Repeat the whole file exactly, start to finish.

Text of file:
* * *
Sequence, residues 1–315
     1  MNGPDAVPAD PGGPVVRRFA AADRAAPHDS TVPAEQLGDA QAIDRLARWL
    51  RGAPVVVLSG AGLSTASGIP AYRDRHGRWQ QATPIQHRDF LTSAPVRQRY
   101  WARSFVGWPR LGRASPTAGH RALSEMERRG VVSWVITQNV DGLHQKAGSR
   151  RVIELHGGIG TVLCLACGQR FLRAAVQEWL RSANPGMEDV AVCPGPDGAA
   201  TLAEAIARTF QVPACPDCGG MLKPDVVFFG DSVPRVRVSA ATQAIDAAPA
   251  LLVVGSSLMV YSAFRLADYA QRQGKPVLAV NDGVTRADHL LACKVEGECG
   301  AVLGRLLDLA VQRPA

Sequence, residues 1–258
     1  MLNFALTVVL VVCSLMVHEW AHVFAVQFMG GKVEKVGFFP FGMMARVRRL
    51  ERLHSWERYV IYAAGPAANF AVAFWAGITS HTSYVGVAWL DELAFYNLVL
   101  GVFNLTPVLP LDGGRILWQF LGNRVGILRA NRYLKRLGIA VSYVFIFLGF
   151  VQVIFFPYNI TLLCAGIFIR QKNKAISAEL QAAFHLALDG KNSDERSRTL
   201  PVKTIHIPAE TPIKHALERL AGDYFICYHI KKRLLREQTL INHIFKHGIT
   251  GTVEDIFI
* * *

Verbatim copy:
Sequence, residues 1–315
     1  MNGPDAVPAD PGGPVVRRFA AADRAAPHDS TVPAEQLGDA QAIDRLARWL
    51  RGAPVVVLSG AGLSTASGIP AYRDRHGRWQ QATPIQHRDF LTSAPVRQRY
   101  WARSFVGWPR LGRASPTAGH RALSEMERRG VVSWVITQNV DGLHQKAGSR
   151  RVIELHGGIG TVLCLACGQR FLRAAVQEWL RSANPGMEDV AVCPGPDGAA
   201  TLAEAIARTF QVPACPDCGG MLKPDVVFFG DSVPRVRVSA ATQAIDAAPA
   251  LLVVGSSLMV YSAFRLADYA QRQGKPVLAV NDGVTRADHL LACKVEGECG
   301  AVLGRLLDLA VQRPA

Sequence, residues 1–258
     1  MLNFALTVVL VVCSLMVHEW AHVFAVQFMG GKVEKVGFFP FGMMARVRRL
    51  ERLHSWERYV IYAAGPAANF AVAFWAGITS HTSYVGVAWL DELAFYNLVL
   101  GVFNLTPVLP LDGGRILWQF LGNRVGILRA NRYLKRLGIA VSYVFIFLGF
   151  VQVIFFPYNI TLLCAGIFIR QKNKAISAEL QAAFHLALDG KNSDERSRTL
   201  PVKTIHIPAE TPIKHALERL AGDYFICYHI KKRLLREQTL INHIFKHGIT
   251  GTVEDIFI